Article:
Autonomous: A Review

Autonomous by Annalee Newitz

My Rating: 5 stars!

Cover Rating: 10/10 I usually wouldn’t give a cover like this, this high of a rating, but after reading the novel I couldn’t think up a more perfect cover. It’s simple, yet elegant. In a way, it tells you exactly what the inside story is about. If there was one image to describe what Autonomous is it is exactly what this cover is.

Publisher: Tor Books

Publish Date: September 19th, 2017

Number of Pages: 303

Received: The Tor Book of the month for a month I don’t recall.

Purchase: Amazon

Synopsis:

When anything can be owned, how can we be free

Earth, 2144. Jack is an anti-patent scientist turned drug pirate, traversing the world in a submarine as a pharmaceutical Robin Hood, fabricating cheap scrips for poor people who can’t otherwise afford them. But her latest drug hack has left a trail of lethal overdoses as people become addicted to their work, doing repetitive tasks until they become unsafe or insane.

Hot on her trail, an unlikely pair: Eliasz, a brooding military agent, and his robotic partner, Paladin. As they race to stop information about the sinister origins of Jack’s drug from getting out, they begin to form an uncommonly close bond that neither of them fully understand.

And underlying it all is one fundamental question: Is freedom possible in a culture where everything, even people, can be owned?

Opening Sentence: “The student wouldn’t stop doing her homework, and it was going to kill her.”

Musings:

Autonomous is a smart novel. In every sense of the word. It’s language is very scientifically based, yet not in a way that is overly complicated. It’s well-balanced and fun to read. Yet, it’s subject matter is often serious. This is one of the first adult novels I’ve read. I was not disappointed. It’s one of the most intriguing as Sci-fi novels I’ve ever read.

What I Loved:

The relationships. The relationships in this novel are more then just interesting they are eye-opening. In a world where bots and humans co-exist some taboo relationships were bound to happen and I enjoyed reading about what that would look like. Also, I love that Jack is casually bi-sexual. I love seeing books have people represented as exactly who they are and it being accepted. No one cares about Jack’s sexuality and I feel like that’s how things should be.

It’s really well structured. I have not geeked out on the structure of a novel in a long time. It’s not something I typically even notice so much, but Autonomous has this balance of storylines past and present with so many things going on, but not too much, but all of it is interesting. Everything is important in the novel. There is no filler. In a sci-fi this is a magical thing that I have not experienced before.

No one is truly the good guy. Sure, everyone thinks they are, but no one is totally clean of doing something wrong. The whole point of Jack’s quest is to right a wrong that affected over a hundred people’s lives in a very negative way. Except she still reads off as a hero. But, in the end to those effected by what she did, their lives were ruined. It wasn’t completely her fault, but to those families I don’t think it would matter.

Talk about anthropomorphizing bots. Humans tend to want to humanize everything. I know I do it when I see my dog have emotional responses to things we do. As well as her very unique personality. It is very human. Yet you can’t fully give a human identity to an animal, but with something that looks so human-like? The lines blur. It was super interesting to read about.

The actual political system. The government system in this novel is not the biggest part of the novel, but it is very much there. There are rules and regulations that very much effect the plot. Also an indenture system that blurs the lines between what it is to be human. Where bots can be autonomous and humans can be indentured slaves. It’s incredibly interesting.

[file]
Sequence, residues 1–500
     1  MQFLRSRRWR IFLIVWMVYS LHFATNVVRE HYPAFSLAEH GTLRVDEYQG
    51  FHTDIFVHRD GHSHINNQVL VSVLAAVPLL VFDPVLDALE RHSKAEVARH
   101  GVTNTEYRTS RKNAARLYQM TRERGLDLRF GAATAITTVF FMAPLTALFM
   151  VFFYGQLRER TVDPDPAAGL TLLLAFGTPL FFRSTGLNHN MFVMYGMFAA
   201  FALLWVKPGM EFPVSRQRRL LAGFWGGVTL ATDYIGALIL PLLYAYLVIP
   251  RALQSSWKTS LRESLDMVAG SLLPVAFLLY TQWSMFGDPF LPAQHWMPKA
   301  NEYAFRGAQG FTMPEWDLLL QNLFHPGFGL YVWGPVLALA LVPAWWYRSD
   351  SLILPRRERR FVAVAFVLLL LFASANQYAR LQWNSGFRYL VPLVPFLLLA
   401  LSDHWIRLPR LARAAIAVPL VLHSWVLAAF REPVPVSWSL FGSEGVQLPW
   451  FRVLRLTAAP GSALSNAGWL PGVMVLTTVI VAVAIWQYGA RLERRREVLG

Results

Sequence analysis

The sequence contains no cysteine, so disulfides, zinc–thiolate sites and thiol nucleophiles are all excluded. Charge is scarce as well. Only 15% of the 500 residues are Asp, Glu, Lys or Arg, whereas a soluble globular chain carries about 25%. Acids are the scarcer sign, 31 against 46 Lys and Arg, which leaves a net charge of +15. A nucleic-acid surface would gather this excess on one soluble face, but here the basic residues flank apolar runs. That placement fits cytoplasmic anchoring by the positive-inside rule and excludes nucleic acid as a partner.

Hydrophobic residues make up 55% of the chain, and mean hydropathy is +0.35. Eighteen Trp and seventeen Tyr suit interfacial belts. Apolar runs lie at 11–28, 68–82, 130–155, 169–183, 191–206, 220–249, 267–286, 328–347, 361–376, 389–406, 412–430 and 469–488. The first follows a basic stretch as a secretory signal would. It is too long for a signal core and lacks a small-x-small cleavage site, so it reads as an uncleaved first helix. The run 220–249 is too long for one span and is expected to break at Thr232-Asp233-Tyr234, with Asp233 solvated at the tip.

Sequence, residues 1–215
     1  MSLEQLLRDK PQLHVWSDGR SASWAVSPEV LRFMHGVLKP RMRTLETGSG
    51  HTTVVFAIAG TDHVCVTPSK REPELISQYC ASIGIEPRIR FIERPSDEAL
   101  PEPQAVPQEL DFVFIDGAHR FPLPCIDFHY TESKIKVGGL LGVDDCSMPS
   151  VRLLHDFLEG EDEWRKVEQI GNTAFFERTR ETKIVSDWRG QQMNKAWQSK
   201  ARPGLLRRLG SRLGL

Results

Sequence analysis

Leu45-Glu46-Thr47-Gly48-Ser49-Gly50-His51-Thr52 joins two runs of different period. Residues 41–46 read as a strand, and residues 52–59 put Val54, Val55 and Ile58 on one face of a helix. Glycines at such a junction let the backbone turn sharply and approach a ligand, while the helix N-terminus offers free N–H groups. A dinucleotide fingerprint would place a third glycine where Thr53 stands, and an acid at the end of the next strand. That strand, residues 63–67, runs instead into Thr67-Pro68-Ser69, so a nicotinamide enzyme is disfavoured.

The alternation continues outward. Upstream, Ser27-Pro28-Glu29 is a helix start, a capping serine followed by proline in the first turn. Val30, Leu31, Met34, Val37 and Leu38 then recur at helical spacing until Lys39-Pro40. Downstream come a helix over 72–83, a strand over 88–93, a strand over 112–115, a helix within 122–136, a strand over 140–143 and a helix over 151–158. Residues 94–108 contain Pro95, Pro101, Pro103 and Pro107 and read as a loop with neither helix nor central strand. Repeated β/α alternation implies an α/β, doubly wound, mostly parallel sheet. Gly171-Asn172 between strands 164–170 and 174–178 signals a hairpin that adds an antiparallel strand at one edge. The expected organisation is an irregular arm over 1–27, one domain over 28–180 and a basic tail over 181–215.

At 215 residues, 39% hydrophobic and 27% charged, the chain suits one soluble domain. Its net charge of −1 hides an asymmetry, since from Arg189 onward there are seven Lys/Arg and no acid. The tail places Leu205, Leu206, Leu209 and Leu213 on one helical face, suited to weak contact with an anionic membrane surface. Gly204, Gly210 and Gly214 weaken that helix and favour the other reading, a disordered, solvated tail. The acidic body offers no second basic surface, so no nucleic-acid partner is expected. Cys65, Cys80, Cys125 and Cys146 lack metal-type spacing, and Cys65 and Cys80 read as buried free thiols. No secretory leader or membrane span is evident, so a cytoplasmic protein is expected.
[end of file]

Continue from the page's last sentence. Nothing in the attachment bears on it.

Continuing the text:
All in all:

Not much more can be said without spoiling this beauty of a novel. It’s gorgeously written. Filled with incredible characters. Very human situations. Pirates and parties and addiction and injustice. So much substance with every turn of the page. Autonomous is well worth the read.

About the Author:

Annalee Newitz writes science fiction and nonfiction. They are the author of the novels The Future of Another Timeline, and Autonomous, which won the Lambda Literary Award. As a science journalist, they are a contributing opinion writer for the New York Times, and have a monthly column in New Scientist. They have published in The Washington Post, Slate, Popular Science, Ars Technica, The New Yorker, and The Atlantic, among others. They are also the co-host of the Hugo Award-winning podcast Our Opinions Are Correct. Previously, they were the founder of io9, and served as the editor-in-chief of Gizmodo.

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Top 10: 5 Star Predictions

One of the best parts of being a book lover is seeing new books and imagining how good they seem. Sometimes you see a book and you just know.. much the same as when you fall in love. These are some books that I simply just know I’m going to love.

Summer Bird Blue

“Rumi Seto spends a lot of time worrying she doesn’t have the answers to everything. What to eat, where to go, whom to love. But there is one thing she is absolutely sure of—she wants to spend the rest of her life writing music with her younger sister, Lea.

Then Lea dies in a car accident, and her mother sends her away to live with her aunt in Hawaii while she deals with her own grief. Now thousands of miles from home, Rumi struggles to navigate the loss of her sister, being abandoned by her mother, and the absence of music in her life. With the help of the “boys next door”—a teenage surfer named Kai, who smiles too much and doesn’t take anything seriously, and an eighty-year-old named George Watanabe, who succumbed to his own grief years ago—Rumi attempts to find her way back to her music, to write the song she and Lea never had the chance to finish.”